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StephenLawrence - 17 April 2012 01:19 PM

Yes, how we think and feel and behave does change on realising this and to the extent that’s for the better it matters.

Yes, it might matter, but only when not thought through thoroughly. If we see ourselves really as determined, then the discussions about free will are determined too.

The way we think may indeed have influence on our feelings about free will and responsibility: we may become fatalists, accept injustice as given, and nothing can change that. But it is a wrong conclusion, following from a wrong way of seeing what free will really is. It is not a (meta)physical category (‘real different possibilities’, or a hole in a causal universe). Our colleagues that have fallen for scientism deny this (meta)physical category (which is correct), but they have not denied what free will really is: the way our beliefs and wishes are connected with my actions. And because no neurologist can find this out without identifying what beliefs and wishes are in the first place, he can discover nothing about free will or responsibility. The only thing a neurologist can discover is what the neural correlates of free and responsible actions are. Take this parallel: how can a neurologist explain seeing, without knowing first what we mean by seeing? Understanding the mechanism of eyes, nerves and the brain does not mean that they have explained seeing away.

[ Edited: 19 April 2012 04:10 AM by GdB ]
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Posted: 19 April 2012 09:52 AM   [ Ignore ]   [ # 170 ]
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GdB - 19 April 2012 03:46 AM
StephenLawrence - 18 April 2012 12:07 AM

Tell people why we need penalties and why we need to hold people accountable for practical reasons. Tell people why it’s important to reward certain behaviour.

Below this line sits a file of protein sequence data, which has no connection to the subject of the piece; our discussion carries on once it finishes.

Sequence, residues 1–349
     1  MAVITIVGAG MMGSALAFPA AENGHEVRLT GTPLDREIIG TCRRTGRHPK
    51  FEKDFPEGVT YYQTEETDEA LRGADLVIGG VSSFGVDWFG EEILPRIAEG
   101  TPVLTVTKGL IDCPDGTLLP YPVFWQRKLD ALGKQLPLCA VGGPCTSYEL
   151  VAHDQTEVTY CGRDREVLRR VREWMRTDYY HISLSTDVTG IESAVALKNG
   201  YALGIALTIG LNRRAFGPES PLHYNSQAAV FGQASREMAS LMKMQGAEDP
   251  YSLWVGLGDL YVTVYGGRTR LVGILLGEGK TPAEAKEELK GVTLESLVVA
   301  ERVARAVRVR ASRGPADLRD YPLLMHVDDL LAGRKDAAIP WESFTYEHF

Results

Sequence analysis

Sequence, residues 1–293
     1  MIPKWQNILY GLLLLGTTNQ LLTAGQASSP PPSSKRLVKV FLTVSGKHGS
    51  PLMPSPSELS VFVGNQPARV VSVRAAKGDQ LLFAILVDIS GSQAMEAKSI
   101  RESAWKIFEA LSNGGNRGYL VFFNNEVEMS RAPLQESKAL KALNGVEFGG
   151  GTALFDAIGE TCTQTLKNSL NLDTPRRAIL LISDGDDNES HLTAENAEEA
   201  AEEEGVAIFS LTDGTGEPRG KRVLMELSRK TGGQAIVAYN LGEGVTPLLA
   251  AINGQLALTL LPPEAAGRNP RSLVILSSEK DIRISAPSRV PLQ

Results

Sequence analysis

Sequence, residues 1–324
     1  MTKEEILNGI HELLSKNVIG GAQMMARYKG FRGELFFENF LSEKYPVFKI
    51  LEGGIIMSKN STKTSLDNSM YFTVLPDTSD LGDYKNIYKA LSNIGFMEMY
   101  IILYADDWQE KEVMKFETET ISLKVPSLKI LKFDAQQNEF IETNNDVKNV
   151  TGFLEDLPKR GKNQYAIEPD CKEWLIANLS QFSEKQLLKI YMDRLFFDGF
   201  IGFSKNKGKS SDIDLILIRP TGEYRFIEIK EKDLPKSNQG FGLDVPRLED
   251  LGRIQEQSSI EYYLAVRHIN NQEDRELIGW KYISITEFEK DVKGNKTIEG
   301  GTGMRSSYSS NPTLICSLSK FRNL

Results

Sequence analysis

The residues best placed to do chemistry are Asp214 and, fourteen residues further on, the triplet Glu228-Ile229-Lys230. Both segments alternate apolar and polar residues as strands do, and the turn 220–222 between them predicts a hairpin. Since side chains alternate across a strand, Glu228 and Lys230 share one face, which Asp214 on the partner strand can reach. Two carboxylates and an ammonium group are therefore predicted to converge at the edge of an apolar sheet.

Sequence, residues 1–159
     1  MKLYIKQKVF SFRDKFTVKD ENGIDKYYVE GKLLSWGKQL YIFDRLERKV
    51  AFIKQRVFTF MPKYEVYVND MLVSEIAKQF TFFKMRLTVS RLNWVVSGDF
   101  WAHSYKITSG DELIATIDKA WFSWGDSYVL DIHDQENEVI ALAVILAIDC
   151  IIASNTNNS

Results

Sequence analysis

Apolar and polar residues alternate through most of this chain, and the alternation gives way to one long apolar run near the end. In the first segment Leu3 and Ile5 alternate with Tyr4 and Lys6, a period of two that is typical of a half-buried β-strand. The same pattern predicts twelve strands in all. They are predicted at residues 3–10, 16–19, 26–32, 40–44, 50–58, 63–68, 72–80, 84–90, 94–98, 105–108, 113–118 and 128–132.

I think we’ll all respond much better to that.

And we’ll be better at limiting the penalties to what is necessary to achieve the result and limiting the rewards.

And last but not least, how many violent crimes are committed because of hateful emotions which are falsley believed to be based on deserved suffering of the victim.

Belief in desert is a nightmare Tim.

That’s what almost everybody misses, for some reason. And of course I have to admit they might be right but it does not seem reasonable to think that. And usually sceptics would agree, an erroneous belief about such an important matter is likely to be harmful.

The stubborness of sceptics on this one is very queer.

Somehow I have the feeling you mean me as well? I think we once, a long, long time ago, in some other thread (not too far away since Doug moved this thread to the philosophy forum wink), we agreed that we are more or less on the same line, we are battling on the on the same side, but on different fronts. Your front is that of exaggerated punishments, based on ultimate free will and ultimate responsibility and on the idea of desert, and of social injustice, and mine is that of denying free will and responsibility as a whole, being a thread to humanist and democratic ideals.

Well, as I’ve said I’m not particulary concerned with the justice system. I think nearly every man, woman and child believing in praise and blame etc in the deserved sense, is a monumental disaster.

Sort that out and I expect the judges would have a lot more time on their hands. grin

I can’t see much problem with denying free will, I don’t see that we need it, just like BP doesn’t need free will to be held responsible,

We are not morally responsible in the deserved sense. We can hold each other responsible for practical reasons.

If that’s the best thing to do why not do it?

So why do you feel the need to defend free will, to argue that’s the best thing to do?

Just say why you think it’s best.

And this people will understand.

No need to confuse the issue by bringing free will in to it.

On taking responsibility and holding people responsible, yes we’re on the same side, we agree.

But then again, who doesn’t? Most who deny free will agree with you too. Do you know of anybody who doesn’t?

Stephen